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What we’re watching: US presidential debate, Yemeni prisoner swap, “illiberal” rule of law watchdog

President Trump and Joe Biden will face off in the first US presidential debate on September 29. Art by Annie Gugliotta

The US debate, round #1: US President Donald Trump and his Democratic challenger Joe Biden will clash tonight in Cleveland in the first presidential debate of the 2020 cycle. The debate will, as always, provide a first opportunity to see the two candidates speak directly to (or over) one another, and Trump's line of attack will be interesting to watch. Will he hammer away at Biden's career as a DC insider in order to hurt the former vice president's support among working-class folks? Or will he try to knock Biden off balance with shots at his mental acuity? And Biden will need to come prepared to parry Trump if the president distorts facts or tells lies about his record. Surely the most anticipated moment will be Trump's response to the New York Times' bombshell weekend report on his tax returns. Will Biden use those revelations to attack Trump as a failed businessman, a tax cheat, or simply as a person with privileges that few voters enjoy? The event will certainly be a big spectacle, but barring a big surprise, its impact on the race itself might be smaller than you'd think: there appear to be few undecided voters this year, and neither man is a mystery at this point. According to a recent poll, less than 30 percent of Americans say the debates have mattered to them when casting their vote over the past twenty years.


Another chance for peace in Yemen? Over the weekend the warring parties in Yemen's five-year long civil war agreed to exchange more than 1,000 fighters in the largest prisoner swap since the war began five years ago. The deal raises fresh hopes for a UN-brokered ceasefire in a brutal conflict that has led to widespread famine and the "world's worst humanitarian crisis." Since 2015, the Yemeni government — with support from the UAE and Saudi Arabia — has been battling Iran-backed Houthi rebels who have taken over large swaths of the country. A ceasefire would allow the opening of roads and ports that are needed to get food and medicine to a population that depends overwhelmingly outside aid. Still, ceasefires and prisoner swaps have been agreed before in the Yemen conflict, only to run aground over disagreements on the sequencing of the steps that each side is meant to take, as well as violations on the ground. We are watching to see if this deal really opens the way towards peace, or whether one of the world's most brutal conflicts will continue to grind on.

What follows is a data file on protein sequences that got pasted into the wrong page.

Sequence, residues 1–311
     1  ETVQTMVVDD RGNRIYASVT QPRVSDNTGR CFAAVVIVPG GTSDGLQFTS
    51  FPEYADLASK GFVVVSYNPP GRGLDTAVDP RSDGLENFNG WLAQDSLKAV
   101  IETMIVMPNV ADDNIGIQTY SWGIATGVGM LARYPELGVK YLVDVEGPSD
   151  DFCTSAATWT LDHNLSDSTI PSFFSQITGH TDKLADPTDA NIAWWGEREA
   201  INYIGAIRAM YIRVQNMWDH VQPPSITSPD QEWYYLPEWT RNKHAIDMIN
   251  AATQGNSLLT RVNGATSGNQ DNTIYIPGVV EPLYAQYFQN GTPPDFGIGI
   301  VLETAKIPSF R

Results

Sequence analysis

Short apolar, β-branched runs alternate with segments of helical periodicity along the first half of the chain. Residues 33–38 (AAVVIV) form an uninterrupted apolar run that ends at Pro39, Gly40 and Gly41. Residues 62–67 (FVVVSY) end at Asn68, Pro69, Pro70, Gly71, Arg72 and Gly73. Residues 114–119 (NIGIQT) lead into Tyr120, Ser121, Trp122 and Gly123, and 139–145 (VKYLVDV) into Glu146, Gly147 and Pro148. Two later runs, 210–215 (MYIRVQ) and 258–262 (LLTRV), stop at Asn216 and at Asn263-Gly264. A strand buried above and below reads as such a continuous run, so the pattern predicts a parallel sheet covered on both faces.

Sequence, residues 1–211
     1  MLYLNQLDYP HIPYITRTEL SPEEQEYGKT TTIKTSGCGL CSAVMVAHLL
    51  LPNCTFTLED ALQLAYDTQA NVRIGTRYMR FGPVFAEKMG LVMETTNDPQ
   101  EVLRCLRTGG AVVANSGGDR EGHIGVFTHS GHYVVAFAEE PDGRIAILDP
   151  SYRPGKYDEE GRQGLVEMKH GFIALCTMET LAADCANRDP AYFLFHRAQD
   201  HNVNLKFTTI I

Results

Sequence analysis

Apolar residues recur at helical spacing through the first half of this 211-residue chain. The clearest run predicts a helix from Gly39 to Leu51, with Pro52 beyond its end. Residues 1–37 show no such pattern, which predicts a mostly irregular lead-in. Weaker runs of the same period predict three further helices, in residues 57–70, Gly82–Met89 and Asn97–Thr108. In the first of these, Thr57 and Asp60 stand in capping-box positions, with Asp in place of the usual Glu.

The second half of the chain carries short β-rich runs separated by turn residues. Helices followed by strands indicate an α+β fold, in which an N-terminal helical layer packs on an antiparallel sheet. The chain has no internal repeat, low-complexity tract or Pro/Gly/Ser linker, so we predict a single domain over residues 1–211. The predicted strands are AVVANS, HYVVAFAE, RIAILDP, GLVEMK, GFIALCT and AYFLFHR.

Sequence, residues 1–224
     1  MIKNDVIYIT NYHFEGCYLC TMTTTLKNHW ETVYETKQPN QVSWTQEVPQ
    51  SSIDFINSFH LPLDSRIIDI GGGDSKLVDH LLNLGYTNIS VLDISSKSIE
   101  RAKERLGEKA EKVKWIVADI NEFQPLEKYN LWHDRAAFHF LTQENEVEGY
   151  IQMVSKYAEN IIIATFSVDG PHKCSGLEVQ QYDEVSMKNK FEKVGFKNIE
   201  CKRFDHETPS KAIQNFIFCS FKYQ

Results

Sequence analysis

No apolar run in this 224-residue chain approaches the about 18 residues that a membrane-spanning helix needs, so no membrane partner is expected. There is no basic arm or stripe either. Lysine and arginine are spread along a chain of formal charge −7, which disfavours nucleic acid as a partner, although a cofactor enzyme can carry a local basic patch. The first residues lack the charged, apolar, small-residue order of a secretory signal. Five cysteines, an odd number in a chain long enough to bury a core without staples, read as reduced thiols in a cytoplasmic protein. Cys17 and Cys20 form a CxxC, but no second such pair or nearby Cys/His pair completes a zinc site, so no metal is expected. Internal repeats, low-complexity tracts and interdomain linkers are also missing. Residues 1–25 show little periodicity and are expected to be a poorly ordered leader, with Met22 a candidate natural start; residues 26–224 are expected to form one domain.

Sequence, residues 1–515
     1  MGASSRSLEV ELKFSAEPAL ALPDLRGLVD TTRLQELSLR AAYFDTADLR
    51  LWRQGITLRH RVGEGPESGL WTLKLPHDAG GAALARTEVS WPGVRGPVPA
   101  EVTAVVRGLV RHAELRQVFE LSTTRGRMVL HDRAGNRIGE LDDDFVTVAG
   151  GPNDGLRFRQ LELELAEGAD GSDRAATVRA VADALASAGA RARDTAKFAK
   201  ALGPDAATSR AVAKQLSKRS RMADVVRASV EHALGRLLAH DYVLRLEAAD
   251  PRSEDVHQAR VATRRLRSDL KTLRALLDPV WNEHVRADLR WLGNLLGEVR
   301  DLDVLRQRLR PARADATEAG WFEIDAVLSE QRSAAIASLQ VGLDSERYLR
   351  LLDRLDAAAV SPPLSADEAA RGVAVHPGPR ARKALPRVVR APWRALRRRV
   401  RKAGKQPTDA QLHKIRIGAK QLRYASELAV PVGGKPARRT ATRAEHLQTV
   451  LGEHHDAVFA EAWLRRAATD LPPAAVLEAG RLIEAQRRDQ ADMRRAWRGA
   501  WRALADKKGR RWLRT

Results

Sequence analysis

What we're ignoring

Hungary and Poland's "rule of law" monitoring: In recent years, the avowedly "illiberal" nationalist governments of Hungary and Poland have come under fire from Brussels over their moves to pressure independent media and courts. As a result, both countries —which signed up to respect democratic norms when they joined the EU in 2004 — have faced the prospect of internal EU sanctions or reductions in the generous handouts they receive from Brussels. Now, Budapest and Warsaw say they plan to set up a joint "rule of law" institute that is meant to point out "double standards" in "rule of law" elsewhere in the EU. Let's be clear — more scrutiny of rule of law and adherence democratic norms is always a good thing, but somehow this feels more like an I know you are, but what am I? strategy than a good-faith effort to reinforce democratic principles in the EU.

The Hindu Kush Himalayan region, stretching for more than 2,000 miles, is home to the world's highest mountains. The mountain range is also home to the world's third-largest concentration of snow and ice, earning it the moniker the third pole; only the North and South Poles contain more. The glaciers of the Hindu Kush Himalayas are the main source of fresh water for around two billion people living in the region. However, by the end of this century, two-thirds of that snow and ice could be lost because of climate change. A network of data scientists and environmentalists around the world, and on the ground in the Hindu Kush Himalayas, are working to understand the extent of glacial melting in the Hindu Kush Himalayan region, its effects and what can be done to minimize its impact. To read more visit Microsoft on the Issues.